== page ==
Bill Callahan: Reality review | Alexis Petridis's album of the week

(Drag City)
The US singer-songwriter turns his experiences of love and contentment into a kind of beatific philosophy – tempered by his awareness of the forces that threaten it

The 19th album by Bill Callahan – or the 23rd if you count the lo-fi cassette-only releases he put out in the days when he called himself Smog – comes with an accompanying statement. In it, the 56-year-old singer-songwriter addresses his post-pandemic audience: people who, as Reality’s opening track beautifully puts it, are “coming out of dreams … coming back to dreams”. “It felt like it was necessary to rouse people,” offers Callahan of the motivation behind Reality’s 12 songs. “Rouse their love, their kindness … it just takes a little nudge to get your head back on track. I wanted sounds and words that made you feel and lifted you up … I went for horns, because horns are heralds, triumphs … I wanted multiple voices.”

Bill Callahan: Reality album cover
Bill Callahan: Reality album cover Photograph: pr handout

Rousing love and kindness? Sounds and words that lift you up? There was a time, not all that long ago, when anyone who knew Callahan’s work might reasonably assume any statement along those lines had been issued with a sardonic raised eyebrow. He was justly acclaimed – indeed, Callahan might be the most consistently acclaimed writer to emerge from the early 90s world of off-grid US indie music – but not for the kind of thing he’s talking about here. Laughter in the darkness? Absolutely. Lacerating pen-portraits and painfully acute fixings of romantic and existential woe? Most definitely. Music to rouse love and kindness and lift you up? Not so much.

And yet, listen to him on this album, employing his baritone to depict the simple joy of watching his son holding his baby sister’s hand, of hearing the dawn chorus, or seeing a pair of “little feet” sticking out of a pushchair. He expounds on an esoteric brand of personal spirituality that enables us “to get in and out of what we’re living in”, imagines the spirit of his late mother watching over her grandson on Lily, and contemplates reincarnation and animism on Coyotes as well as the power of what he calls “natural information”, hymned on the song of the same title as a corrective to “two million years of data”. If, on paper, the latter reads perilously close to something that Ian Brown might bellow at you, it really doesn’t sound like it on record: it rolls breezily, joyfully along, complete with airy female backing vocals. Clearly, we are some distance from the Callahan the late comedian Sean Hughes once offered to introduce on stage with the words “miserable bastards of the world – welcome our leader”.

Bill Callahan: Coyotes – video

In truth, Callahan’s worldview started leavening around the time of 2013’s Dream River, although the huge shift came with 2019’s Shepherd in a Sheepskin Vest: “Love changed me,” he sang on an album filled with paeans to marriage and fatherhood, a path he travelled down further on Reality’s predecessor, Gold Record. Here, the listener never wants for moments that soar. Planets’ saga of spiritual rebirth (“I felt so good / Just like sudsy chrome / Renewed, you know?”) concludes with three minutes of suitably roomy and blissed-out improvisation; First Bird gradually builds from Callahan’s voice and guitar into a soft swirl of sound, the instruments of his backing band weaving loosely around each other; Coyotes is backed with a languid, eyes-half-closed acoustic guitar strum, tumbling drums and delicate piano.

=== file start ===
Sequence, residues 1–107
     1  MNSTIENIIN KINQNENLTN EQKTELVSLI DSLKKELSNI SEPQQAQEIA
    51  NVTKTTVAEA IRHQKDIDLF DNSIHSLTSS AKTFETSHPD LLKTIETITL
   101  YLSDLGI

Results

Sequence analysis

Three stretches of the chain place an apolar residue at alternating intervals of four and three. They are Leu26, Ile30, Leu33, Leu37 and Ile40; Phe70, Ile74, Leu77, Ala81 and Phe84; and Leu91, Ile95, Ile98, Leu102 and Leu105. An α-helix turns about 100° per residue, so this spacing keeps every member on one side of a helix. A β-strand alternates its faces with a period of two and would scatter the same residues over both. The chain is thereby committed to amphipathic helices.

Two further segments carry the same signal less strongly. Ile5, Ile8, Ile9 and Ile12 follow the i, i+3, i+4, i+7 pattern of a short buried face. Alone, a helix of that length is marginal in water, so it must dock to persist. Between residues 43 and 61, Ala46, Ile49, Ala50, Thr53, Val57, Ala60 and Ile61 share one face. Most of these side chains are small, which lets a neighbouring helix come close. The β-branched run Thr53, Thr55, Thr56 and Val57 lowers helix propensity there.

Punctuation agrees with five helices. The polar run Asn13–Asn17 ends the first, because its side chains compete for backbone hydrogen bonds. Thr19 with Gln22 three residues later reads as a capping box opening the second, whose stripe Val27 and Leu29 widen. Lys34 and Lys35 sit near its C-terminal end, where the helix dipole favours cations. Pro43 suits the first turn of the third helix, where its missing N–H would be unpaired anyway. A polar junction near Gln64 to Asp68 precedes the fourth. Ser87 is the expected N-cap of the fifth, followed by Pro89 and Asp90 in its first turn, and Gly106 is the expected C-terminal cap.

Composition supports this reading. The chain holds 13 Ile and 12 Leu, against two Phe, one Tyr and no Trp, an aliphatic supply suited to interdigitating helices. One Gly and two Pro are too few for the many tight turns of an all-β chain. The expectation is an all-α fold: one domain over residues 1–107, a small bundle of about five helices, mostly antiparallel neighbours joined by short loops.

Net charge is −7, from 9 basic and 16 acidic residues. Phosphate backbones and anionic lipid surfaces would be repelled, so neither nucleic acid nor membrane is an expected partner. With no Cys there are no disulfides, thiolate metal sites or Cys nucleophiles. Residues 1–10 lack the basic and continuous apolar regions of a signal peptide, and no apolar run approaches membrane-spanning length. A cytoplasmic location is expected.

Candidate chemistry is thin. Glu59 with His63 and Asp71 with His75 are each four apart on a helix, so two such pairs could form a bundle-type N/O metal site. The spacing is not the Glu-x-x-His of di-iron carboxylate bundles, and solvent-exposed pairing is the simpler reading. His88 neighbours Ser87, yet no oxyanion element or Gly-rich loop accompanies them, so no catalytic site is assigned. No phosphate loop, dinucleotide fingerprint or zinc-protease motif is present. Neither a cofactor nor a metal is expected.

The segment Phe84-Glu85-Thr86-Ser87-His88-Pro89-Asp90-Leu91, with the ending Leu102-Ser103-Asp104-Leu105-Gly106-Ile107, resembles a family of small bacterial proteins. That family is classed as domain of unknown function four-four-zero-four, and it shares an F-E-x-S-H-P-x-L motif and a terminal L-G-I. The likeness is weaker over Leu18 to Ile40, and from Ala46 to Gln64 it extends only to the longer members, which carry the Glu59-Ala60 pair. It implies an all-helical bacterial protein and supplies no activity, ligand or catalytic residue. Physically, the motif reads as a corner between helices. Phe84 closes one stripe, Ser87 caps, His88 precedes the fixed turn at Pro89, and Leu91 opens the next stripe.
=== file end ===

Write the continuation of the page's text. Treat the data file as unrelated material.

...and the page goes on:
Even so, there are limits to Callahan’s mood of contentment. On Partition, his largely acoustic band settles on a droning, insistent two-note riff. Arranged differently, it could sound smoothly hypnotic in the manner of Krautrock, but here it feels agitated, punctuated by flurries of twitchy drumming, suggesting that the means of coping with modern life listed in the lyrics – from meditation to microdosing – are sticking plasters rather than remedies. The other emotion his accompanying statement talks about rousing is anger, or rather, “a better anger, to get out of this … dissociated rage that destroys the community”, a subject Reality takes to with considerable gusto. Naked Souls launches itself at basement-bound keyboard warriors, complete with intimations of bloody revenge. There’s something particularly pointed about Everyway, with its blackly comic depiction of sailors shipwrecked off the coast of Callahan’s native Maryland forced to warm their hands “in the corpse of a wild horse”. “At least we’re all in this horse together,” he notes mordantly, which sounds like a deliberate echo of a platitude regularly trotted out during the pandemic.

The album ends with Last One at the Party, which initially sounds like the kind of character assassination Callahan once specialised in, but could just as easily be a song mourning a friend who has died by suicide: it turns on your interpretation of the lines “he always said he had to go, we thought he’d never leave”. It’s up to the listener to work it out as they go along, something Callahan, with his beatific philosophising tempered by bursts of fury and bitterness, also seems to be engaged in. Accompanying him for the hour that Reality lasts makes for an endlessly fascinating journey.

This week Alexis listened to

Cadet – What You Do (To Me)
Cadet appears to be an 18-year-old from Texas. What You Do (To Me) is simultaneously familiar – it sounds like late 70s two-step soul – and odd: it also sounds like a much faster song played at the wrong speed.


Alexis Petridis

The GuardianTramp

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